Henry: I agree with everything you said. In fact, I’ve made those same arguments myself repeatedly.

My current favorite phrasing is “people have been wasting time at work as long as there’s been work.”

Wasting time is a management issue, not a tech, security, or other form of IT issue.

Gov’t agencies are slow to adopt these tools for reasons both valid and invalid.

Amanda Blount

Hey, I feel better about our systems. We get the Pentagon Channel and have for years. In fact, all TVs must either be on the Pentagon channel (which by the way; has many, many Air Force Anchors on them – more than Army – How ironic 🙂 or a News channel. When the weather is bad we switch it to weather channel. And if we are working WAY late, we will switch the TV to a music channel (not video – just music). None of us waste much time watching TV – it seems more like background noise. I would be just as happy if it were off. It is just one more distraction to me. But I sit way at the back of the office, so it is fine with me. Again, I am happy we get the Pentagon Channel. There are some seriously interesting stories covered on there which are not shown on other news channels.

Lovisa Williams

Great post! Bandwidth, steady connectivity and infrastructure are still very real issues for us. We are required to be in locations where there is very little real bandwidth and what is there is split between a large group of companies, organizations and us. With power fluctuations happening regularly and all of these things beyond our control we still have to consider all of these issues when looking at worldwide deployments of technology.

This is why we have gone with a more de-centralized approach for using social media. Our people on the ground are empowered to determine what technologies are being used locally and what is feasible based upon what community we are looking to build/join and what our objectives are. We do not ban the use of technology across the board, but encourage people to use what will work best in their environment.


Good post….One idea that I have is that I think it should be easier to turn on and off blocking and streaming. Too often it takes months and layers of paperwork to block or unblock a site. So I think we should be able to quickly block streaming when MJ funeral is happening and we worry it will bring everything done. But also quickly unblock a site if we find it useful and it meets muster.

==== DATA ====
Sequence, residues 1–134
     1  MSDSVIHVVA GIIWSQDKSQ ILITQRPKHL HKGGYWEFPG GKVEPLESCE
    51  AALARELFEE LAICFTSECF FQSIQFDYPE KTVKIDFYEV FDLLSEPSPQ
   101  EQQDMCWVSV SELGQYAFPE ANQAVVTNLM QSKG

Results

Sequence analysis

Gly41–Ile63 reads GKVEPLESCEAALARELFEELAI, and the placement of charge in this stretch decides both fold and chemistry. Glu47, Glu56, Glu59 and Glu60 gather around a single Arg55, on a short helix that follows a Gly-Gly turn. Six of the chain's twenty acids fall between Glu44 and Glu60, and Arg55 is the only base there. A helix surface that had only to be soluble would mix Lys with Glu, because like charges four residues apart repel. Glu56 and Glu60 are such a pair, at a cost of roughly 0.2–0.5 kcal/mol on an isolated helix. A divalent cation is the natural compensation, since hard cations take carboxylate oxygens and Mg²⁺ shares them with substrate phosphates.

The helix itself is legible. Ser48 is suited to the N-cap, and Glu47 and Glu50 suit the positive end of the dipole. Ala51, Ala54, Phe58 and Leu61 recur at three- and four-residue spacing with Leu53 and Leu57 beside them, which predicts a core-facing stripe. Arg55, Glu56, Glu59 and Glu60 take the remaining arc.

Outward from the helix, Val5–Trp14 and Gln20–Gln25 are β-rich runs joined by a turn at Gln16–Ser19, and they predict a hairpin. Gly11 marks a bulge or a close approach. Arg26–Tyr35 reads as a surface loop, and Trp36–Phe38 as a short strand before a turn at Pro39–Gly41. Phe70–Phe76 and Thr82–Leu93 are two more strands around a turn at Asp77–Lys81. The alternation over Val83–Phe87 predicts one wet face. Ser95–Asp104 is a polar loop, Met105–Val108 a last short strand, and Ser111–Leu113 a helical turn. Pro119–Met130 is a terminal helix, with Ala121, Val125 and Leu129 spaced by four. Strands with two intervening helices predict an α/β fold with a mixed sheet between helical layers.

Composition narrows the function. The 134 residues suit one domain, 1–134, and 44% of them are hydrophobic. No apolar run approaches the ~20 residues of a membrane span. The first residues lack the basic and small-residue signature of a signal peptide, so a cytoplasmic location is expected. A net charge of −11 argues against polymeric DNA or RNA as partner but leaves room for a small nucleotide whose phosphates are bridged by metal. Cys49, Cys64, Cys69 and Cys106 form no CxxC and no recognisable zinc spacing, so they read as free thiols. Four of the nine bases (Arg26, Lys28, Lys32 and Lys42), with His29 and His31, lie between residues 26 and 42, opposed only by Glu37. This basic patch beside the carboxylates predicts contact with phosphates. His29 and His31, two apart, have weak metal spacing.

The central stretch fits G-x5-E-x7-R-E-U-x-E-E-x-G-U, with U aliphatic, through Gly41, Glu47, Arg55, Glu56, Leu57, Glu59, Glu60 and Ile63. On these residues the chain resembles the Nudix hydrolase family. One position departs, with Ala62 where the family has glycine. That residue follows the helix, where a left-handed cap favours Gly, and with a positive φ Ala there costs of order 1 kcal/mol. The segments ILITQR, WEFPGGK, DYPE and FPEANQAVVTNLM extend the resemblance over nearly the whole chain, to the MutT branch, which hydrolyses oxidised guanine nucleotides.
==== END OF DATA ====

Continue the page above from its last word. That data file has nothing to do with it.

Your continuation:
Joe Boutte

Decision making is satisficing. Satisficing is the term that Herbert Simon came up with decades ago to describe our imperfect ability to have all the information we need about a topic in order to make the best or optimum decision. A combination of satisfy and suffice, the new word describes our “bounded rationality” The business dictionary defines it as follows: General: Aiming to achieve only satisfactory results because the satisfactory position is familiar, hassle-free, and secure, whereas aiming for the best-achievable result would call for costs, effort, and incurring of risks.

In terms of social media, we can make better decision, by crowdsourcing issues that we need multiple perspectives, more information, and alternatives. I believe social media is an asset for organizations to fully leverage the experience and intellect of their workforce. For example, the conversations, links, and issues discussed here help me think through or think differently about issues in my own organization. Having more information, provides an alternative another way to enhance one’s decision-making processes. Although we may never acheive optimal decisions as human, at least we can address more aspects of a decision problem through social networks.

Dannielle Blumenthal

This post raises a lot of issues that are worth addressing, but one of the most striking to me is the lack of attention to the symbolic meaning of blocking the channel. From the outside one could draw the conclusion that there is actually some kind of internal rivalry going on here and that the bandwidth explanation is just an excuse. From a communication/organizational development perspective I would think that the AF and the Pentagon might want to have a meeting about how to manage perceptions here. Also maybe they could find some other options to just blocking the channel, if the content is worthwhile to all. Maybe they could make it fun; I think work has to be somewhat enjoyable in order to keep people engaged. How about an Iron Chef competition where the winner gets air time?